The day of the show was one of adjusting to the oppressive humidity of the Southeast Coast in August. The ocean is right there! How about a bit more seabreeze, please?? Ok, minor grumbles aside, Charleston is a lovely place with a lot of old-South buildings, texture and mystery. A great place to visit, not to mention all the great galleries in town. Too many to visit in such a short stay.

I finally got to meet Mia for the first time. As I've said before, I've been an admirer of her work for a long time, and connected to it in the way a viewer connects to a painter's work might. So I was glad when I met her it was instantly like we were old friends. When you're able to talk to someone about something you are both deep and passionate about, there's no way you could not feel any sort of kinship. Plus her and her boyfriend John are both incredibly sweet people. I'm really glad to have met them both, it was one of the best parts for sure.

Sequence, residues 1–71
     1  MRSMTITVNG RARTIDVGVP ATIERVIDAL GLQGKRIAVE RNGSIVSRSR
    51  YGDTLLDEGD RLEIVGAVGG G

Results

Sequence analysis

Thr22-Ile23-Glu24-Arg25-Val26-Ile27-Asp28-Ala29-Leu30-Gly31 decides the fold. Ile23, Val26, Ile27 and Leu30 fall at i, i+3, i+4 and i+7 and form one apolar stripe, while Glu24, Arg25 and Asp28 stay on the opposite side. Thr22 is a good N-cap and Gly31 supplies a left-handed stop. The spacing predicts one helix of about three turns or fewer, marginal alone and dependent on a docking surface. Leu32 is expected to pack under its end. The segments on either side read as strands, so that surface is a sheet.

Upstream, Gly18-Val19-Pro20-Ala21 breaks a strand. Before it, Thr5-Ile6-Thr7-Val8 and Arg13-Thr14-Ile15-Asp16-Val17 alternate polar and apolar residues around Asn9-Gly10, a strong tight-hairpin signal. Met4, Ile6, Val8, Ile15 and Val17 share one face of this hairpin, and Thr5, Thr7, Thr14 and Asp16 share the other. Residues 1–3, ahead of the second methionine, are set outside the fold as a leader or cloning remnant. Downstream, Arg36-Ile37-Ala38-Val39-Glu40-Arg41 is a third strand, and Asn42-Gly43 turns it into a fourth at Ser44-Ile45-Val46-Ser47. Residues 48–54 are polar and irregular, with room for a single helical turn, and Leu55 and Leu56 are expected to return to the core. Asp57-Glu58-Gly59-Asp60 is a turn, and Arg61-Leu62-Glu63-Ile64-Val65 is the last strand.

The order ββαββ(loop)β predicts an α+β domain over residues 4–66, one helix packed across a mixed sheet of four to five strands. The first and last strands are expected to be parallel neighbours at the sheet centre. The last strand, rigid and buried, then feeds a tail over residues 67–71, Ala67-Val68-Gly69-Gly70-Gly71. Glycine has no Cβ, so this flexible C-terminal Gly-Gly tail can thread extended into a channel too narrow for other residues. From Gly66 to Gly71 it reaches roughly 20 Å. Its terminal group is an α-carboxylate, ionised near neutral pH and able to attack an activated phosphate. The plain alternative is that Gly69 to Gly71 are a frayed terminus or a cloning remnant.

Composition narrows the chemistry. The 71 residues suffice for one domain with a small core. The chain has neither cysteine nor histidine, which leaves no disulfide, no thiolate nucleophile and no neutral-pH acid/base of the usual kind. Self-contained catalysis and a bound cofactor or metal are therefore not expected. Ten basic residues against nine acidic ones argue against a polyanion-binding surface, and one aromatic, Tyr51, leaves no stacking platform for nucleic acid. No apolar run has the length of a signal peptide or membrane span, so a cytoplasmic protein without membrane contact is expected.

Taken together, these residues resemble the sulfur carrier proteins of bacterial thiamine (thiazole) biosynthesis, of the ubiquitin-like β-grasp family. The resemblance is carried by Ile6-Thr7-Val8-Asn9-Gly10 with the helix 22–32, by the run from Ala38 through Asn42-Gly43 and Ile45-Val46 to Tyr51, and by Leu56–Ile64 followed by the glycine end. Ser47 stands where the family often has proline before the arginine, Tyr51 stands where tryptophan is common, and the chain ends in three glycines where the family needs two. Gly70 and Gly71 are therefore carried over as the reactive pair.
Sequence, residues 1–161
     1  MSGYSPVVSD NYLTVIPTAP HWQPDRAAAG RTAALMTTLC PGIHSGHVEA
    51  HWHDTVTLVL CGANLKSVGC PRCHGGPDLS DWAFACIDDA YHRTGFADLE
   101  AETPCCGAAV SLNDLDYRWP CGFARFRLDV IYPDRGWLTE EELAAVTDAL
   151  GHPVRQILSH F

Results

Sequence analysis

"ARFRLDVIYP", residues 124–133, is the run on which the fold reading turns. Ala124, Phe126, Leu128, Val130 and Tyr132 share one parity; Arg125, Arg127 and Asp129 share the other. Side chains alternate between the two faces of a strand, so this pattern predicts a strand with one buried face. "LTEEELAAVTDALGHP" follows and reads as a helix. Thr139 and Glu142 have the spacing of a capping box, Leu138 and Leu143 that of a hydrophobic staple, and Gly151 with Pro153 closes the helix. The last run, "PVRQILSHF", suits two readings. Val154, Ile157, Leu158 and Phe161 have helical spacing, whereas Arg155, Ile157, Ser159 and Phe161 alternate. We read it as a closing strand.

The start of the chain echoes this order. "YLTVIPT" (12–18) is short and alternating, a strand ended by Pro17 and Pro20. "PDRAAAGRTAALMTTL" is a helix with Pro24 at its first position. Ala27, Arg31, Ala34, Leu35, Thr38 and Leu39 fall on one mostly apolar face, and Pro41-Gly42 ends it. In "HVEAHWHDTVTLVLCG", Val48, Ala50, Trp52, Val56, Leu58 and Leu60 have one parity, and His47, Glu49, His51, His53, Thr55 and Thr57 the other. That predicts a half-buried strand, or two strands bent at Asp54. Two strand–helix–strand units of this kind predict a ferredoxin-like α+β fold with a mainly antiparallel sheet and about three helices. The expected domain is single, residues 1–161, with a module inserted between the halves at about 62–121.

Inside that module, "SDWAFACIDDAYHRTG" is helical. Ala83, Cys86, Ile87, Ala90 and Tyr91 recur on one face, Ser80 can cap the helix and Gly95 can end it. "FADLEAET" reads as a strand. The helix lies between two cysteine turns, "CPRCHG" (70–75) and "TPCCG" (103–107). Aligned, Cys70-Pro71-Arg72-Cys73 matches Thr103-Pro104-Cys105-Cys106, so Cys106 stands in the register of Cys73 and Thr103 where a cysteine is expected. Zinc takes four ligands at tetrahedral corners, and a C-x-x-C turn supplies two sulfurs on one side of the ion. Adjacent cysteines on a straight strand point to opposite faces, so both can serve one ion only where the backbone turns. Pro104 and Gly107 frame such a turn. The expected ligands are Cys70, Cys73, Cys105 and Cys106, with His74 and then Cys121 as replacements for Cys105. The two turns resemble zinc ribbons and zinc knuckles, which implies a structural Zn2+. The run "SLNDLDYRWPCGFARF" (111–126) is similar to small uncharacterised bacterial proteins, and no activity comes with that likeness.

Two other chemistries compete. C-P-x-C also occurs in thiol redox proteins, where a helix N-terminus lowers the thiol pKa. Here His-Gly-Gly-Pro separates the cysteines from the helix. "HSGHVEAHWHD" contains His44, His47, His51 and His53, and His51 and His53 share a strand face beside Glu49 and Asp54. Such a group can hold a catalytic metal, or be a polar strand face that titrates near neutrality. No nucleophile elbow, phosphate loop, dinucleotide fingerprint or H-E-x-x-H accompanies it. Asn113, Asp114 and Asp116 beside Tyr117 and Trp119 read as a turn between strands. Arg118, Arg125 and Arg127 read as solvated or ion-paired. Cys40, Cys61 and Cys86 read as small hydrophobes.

"Heart In Hiding" 15x12 in. oil on linen board. $1150.
The night of the show. A bit slow at the time of the opening, but the trickle got larger as the show went on. As more people come in, the more of a chance that different people are going to be more and more demanding of your time. so you sometimes need a place(or person) to retreat to. I was glad to be there to revel in the admiration of our accomplishments, but at the same I am a dyed-in-the-wool introvert. There is only so long I can handle before I need to find a familiar face to relieve some of that pressure. I am so grateful to have had one of my best friends in the world Joella present with me for the night. Not only is she so much better than me at meeting people, she is instantly likeable and an all-around great person to hang with. Had it been a solo show with no old friends there, it would have been an entirely different experience, and probably not for the better. Maybe I would have turtled up emotionally to hide nervousness. Lack of courage, perhaps? Hmm.